We have given millions of opportunities to Malaysians but I am sorry that only a few seem to have made the effort and have succeeded. Just because they succeed doesn’t mean that the policy is wrong. Would we like to see all the Malays fail? There is not a single Malay millionaire because we think that any Malayan must be crony of the government – if we have that kind of attitude then of course there will be no Malays, no indigenous people who can succeed at all. But our duty is to help. We help everybody and we can give you figures to show how much money we spend to help the Malays but a lot of them waste the money. We give them contracts, they sell the contracts, we give them the facility to import cars, and they sell this – they sell away everything. In fact, given half a chance, they’d sell all their lands to other people.

Lyse Doucet:
Noorul, are you satisfied with your prime minister’s answer.

Noorul:
Thank you. The other thing is that on the popular chat shows you are not very popular with the Malays, is there any reason for that?

Dr Mahathir Mohamad:
Well I don’t care whether I am popular with the Malays or not – I’m on my out anyway. All I need to do is to make sure that the party wins. If I’m not popular and the party wins, then that is ok.

Lyse Doucet:
Thank you very much Noorul. But you’ve often expressed your frustrations haven’t you sir, with the performance of the Malays. You wanted them to be entrepreneurial. You started as an entrepreneur and then a doctor and you’ve expressed frustration that they haven’t shown that spirit that you had wanted to develop in them with all of the special subsidies and concessions given.

Dr Mahathir Mohamad:
All I can say is that if the same subsidies and concessions are given to the Chinese, the Chinese would be way ahead by now. But we give them to the Malays because they say they lack the opportunities, they lack the funds – we created funds for them, we have created everything to make sure that they succeed. But unfortunately only a few know how to make use of all these opportunities. The others fail and when they fail they blame the government.

Lyse Doucet:
Dr Mahathir, we’re going to take a caller now from Pakistan. Shah Jahan Bhatti, joins us. Welcome to Talking Point. Your question for Dr Mahathir.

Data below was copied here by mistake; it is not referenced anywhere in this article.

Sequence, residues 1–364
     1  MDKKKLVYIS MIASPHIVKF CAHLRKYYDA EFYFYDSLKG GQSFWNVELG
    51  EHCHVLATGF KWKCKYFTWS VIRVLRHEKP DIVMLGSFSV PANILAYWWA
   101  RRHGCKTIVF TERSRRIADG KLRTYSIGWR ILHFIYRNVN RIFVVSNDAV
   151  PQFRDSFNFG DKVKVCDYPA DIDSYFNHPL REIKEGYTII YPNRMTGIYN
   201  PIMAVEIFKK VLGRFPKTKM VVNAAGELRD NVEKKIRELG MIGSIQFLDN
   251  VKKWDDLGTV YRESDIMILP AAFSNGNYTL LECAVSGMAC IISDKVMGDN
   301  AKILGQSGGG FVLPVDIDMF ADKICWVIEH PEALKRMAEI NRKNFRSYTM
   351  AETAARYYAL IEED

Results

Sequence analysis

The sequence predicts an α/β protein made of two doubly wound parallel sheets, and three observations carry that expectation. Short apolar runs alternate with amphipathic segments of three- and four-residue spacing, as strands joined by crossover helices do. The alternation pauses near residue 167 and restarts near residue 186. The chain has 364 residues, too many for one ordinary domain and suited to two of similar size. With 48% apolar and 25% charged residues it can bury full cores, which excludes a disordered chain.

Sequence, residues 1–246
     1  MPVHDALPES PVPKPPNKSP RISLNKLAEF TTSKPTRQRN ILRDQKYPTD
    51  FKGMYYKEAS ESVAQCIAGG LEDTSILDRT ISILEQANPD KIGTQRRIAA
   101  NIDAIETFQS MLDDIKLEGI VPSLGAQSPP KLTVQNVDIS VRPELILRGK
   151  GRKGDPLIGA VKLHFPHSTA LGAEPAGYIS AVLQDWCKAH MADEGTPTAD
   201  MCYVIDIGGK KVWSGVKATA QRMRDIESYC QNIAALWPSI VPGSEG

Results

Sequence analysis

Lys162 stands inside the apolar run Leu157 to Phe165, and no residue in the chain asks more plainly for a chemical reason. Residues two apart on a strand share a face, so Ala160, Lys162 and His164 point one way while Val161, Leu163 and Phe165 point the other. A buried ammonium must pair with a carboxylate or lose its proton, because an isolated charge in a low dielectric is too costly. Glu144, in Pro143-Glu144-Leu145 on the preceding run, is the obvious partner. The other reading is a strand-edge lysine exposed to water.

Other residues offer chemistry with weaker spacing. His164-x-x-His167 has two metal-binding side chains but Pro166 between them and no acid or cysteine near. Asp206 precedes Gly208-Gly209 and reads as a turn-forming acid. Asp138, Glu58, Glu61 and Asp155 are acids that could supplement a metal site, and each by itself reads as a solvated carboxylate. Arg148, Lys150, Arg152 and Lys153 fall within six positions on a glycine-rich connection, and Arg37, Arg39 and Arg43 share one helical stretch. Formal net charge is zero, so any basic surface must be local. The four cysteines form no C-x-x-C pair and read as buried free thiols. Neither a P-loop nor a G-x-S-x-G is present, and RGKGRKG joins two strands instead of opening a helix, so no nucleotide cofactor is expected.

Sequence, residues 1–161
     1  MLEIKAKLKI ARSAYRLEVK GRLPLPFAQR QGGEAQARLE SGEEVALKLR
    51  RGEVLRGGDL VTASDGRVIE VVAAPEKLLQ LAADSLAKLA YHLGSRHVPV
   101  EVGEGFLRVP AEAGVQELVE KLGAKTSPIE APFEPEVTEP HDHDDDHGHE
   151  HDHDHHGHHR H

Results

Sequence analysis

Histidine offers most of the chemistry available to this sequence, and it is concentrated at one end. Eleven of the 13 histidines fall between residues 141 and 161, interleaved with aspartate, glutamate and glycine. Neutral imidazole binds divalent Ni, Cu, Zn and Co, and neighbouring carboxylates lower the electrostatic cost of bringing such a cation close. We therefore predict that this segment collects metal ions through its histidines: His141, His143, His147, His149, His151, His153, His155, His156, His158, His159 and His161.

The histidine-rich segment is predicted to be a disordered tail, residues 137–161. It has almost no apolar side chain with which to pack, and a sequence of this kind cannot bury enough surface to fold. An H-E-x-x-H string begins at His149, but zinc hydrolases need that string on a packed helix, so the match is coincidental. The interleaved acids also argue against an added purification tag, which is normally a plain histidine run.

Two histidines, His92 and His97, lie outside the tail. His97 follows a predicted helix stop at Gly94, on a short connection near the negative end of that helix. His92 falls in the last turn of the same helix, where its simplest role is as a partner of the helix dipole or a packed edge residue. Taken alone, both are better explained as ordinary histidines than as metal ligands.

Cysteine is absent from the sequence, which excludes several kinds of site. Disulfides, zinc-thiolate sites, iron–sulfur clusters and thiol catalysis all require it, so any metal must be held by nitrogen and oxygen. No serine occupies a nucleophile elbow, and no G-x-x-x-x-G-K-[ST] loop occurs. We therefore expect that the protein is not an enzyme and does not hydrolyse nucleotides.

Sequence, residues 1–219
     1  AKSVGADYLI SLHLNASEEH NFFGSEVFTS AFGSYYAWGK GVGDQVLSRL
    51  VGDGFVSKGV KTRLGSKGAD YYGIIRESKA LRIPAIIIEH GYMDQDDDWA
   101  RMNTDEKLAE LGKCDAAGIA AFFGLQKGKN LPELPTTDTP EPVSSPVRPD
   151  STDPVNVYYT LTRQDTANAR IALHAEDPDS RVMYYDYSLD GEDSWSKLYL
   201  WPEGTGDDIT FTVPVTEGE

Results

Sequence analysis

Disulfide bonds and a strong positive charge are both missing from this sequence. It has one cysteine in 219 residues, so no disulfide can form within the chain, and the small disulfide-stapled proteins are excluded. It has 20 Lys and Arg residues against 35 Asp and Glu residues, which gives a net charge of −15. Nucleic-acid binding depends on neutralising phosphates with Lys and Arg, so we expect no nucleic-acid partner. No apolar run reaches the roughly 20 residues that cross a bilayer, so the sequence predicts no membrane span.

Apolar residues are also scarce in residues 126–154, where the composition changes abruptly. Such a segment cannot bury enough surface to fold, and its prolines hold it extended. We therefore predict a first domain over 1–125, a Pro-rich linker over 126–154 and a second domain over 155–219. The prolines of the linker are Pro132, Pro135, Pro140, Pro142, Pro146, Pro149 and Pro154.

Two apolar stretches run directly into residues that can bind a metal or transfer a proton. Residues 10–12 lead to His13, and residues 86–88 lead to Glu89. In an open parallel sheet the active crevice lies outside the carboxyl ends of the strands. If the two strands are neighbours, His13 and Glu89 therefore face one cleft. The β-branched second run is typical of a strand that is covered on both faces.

Shah Jahan Bhatti:
Dr Mahathir, do you know that the digital divide is increasing day by day and the Muslim world is situated in the dangerous zone of the digital divide? And due to this digital divide some criminals and other Muslims are using Islam as a religion against the USA and Europe and they are using it as an agenda of anti-globalisation campaign. Are you aware of this situation? And couldn’t it have been avoided if the Muslim leadership could have come forward and given some sense to people like Saddam and Osama?

Dr Mahathir Mohamad:
I know the digital divide is really a function of the wealth of the people. Poor countries will show a greater divide than rich countries. It’s simply because the hardware and the software costs a lot of money and we just cannot afford it. We try in Malaysia to have smart schools where we provide the necessary training so that people can understand the use of computers, the internet etc. But like all things, there will be people who will abuse facilities. You give a knife to a person – that man may use it in order to carve a beautiful flower but another person may take the knife and stab another person and kill him. So you cannot blame these things for what happens – it is just that if people are wicked and they want to do the wrong things, they will do it whether they have a computer or they don’t have a computer. It is just human nature rather than the problem of having instruments to do these things.

Lyse Doucet:
What about Afghanistan and Iraq? He said if Muslim leaders had done more to help peoples there perhaps the West needn’t have intervened.

Dr Mahathir Mohamad:
I cannot comment on other people.

Written by khairulorama

May 15, 2007 at 2:34 pm